The Rotary Club of Morgan County hosted the former CEO of Home Depot, Frank Blake, at Tuesday’s meeting. Blake shared the lesson he learned while leading one of the most popular chain retail stores in the world.
Blake delivered a speech at the Chophouse in Madison about his experience of being thrown into leading a multibillion-dollar retail company with zero experience in the profession.
Blake, who spent the first part of his career as a lawyer in Washington D.C. and New York, represented government agencies and businesses before serving as Home Depot’s CEO and Chairman for eight years, shared what he learned while running a company with 2200 stores and 425,000 employees across America, Canada, and Mexico. Home Depot coincidentally started out of Atlanta.
Before becoming a CEO, Blake provided legal services as a law clerk to Judge Wilfred Feinberg and then to Supreme Court Justice John Paul Stevens. Blake also served as general counsel for the U.S. Environmental Protection Agency (EPA) and deputy counsel to Vice President George H. W. Bush. Blake’s legal career led him to General Electric where he over saw acquisitions and mergers for the company. He also served as a non-executive chairman for Delta Airlines. That’s why when he was asked to become the next CEO of Home Depot he was both shocked and hesitant to take on the position.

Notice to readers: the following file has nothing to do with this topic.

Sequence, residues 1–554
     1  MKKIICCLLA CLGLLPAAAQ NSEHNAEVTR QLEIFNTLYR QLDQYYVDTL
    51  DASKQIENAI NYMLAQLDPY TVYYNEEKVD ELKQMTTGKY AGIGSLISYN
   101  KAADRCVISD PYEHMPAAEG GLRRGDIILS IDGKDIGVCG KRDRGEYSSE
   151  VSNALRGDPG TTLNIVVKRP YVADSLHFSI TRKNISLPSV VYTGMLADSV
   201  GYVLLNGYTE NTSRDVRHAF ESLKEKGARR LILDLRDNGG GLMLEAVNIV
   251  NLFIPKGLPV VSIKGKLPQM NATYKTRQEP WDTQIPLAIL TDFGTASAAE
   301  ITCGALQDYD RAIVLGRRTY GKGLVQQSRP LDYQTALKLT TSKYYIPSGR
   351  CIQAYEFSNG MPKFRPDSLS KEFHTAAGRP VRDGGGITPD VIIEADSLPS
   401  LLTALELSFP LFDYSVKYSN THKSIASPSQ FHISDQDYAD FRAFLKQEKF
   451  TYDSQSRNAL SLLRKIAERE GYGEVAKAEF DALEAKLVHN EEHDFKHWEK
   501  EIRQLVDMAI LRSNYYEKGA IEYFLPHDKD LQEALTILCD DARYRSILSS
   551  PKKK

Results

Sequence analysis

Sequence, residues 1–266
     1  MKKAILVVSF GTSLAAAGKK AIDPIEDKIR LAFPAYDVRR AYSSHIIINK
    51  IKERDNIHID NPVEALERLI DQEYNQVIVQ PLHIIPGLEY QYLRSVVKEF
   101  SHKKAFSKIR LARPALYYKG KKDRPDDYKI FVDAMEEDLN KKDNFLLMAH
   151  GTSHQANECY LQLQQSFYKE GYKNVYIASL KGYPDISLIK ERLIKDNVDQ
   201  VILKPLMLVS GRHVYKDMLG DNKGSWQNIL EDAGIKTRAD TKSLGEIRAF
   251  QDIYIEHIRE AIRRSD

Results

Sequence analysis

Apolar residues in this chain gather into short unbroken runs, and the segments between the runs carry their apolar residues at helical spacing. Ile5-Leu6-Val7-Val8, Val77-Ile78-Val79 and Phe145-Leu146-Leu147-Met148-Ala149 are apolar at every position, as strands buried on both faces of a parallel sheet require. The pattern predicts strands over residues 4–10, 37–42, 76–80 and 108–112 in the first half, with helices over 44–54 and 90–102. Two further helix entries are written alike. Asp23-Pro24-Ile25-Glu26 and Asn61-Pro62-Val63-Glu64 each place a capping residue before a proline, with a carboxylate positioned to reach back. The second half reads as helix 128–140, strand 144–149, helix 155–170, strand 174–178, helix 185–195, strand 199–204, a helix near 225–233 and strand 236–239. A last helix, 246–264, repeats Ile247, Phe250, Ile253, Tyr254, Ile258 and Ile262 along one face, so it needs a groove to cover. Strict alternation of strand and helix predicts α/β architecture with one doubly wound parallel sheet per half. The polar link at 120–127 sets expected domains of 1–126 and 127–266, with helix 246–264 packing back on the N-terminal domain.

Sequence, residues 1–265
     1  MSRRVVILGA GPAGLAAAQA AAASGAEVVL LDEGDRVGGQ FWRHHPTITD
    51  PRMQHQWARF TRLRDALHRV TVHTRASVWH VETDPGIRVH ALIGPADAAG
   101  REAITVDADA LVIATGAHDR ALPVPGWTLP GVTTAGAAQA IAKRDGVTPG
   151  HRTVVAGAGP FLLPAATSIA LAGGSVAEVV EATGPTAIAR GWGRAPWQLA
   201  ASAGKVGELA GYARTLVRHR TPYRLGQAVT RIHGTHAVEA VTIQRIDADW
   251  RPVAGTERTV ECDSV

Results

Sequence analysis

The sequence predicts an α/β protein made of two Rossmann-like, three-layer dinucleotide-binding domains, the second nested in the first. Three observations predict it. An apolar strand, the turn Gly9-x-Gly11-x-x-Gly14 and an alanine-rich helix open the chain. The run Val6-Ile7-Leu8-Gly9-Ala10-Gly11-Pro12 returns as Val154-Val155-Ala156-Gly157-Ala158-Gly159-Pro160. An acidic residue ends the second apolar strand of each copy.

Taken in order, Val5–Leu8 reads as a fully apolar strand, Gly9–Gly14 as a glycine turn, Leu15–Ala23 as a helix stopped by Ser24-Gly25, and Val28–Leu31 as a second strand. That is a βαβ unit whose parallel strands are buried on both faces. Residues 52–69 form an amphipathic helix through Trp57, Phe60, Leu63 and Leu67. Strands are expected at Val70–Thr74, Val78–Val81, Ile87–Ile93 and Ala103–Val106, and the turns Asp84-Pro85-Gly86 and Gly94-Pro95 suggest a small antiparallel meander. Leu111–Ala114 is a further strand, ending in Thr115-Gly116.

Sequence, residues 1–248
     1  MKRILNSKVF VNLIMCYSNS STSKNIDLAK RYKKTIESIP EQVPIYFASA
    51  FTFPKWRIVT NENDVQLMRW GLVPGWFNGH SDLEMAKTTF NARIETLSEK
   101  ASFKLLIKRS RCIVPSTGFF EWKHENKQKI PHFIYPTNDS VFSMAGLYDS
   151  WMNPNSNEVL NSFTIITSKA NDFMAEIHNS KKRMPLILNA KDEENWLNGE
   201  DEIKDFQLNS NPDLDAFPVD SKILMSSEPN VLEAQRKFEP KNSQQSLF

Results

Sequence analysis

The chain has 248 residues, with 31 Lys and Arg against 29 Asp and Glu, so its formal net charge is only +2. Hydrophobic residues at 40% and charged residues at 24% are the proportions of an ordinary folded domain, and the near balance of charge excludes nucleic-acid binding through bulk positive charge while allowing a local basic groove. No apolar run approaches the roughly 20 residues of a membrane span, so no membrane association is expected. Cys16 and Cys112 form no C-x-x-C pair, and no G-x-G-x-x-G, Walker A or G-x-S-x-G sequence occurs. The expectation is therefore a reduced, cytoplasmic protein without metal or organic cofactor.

“I had never lead anything,” said Blake. “I made deals, but I had never lead a company.”
According to Blake, he learned how to lead by practice over his eight-year-tenor at Home Depot. He believes the number one quality of a strong business leader is “generosity.”
“At first that didn’t make sense to me,” remembered Blake. “But you have to be fueled by the success of those around you and if you are fueled by the success of those around you that will give you the energy to succeed. It is profoundly true.”
Blake praised Home Depot’s “inverted pyramid” business model with the customers at the top and the CEO at the bottom.
“I deeply believe this is one of the most profound business concepts that exists,” said Blake. “It’s servant-leadership.”
Blake noted that the best way to motivate employees and communicate a message is through recognition and celebration. He noted he would send hand-written letters weekly to exemplary employees.
“You set the pattern of what you want your organization to be by what you celebrate,” said Blake.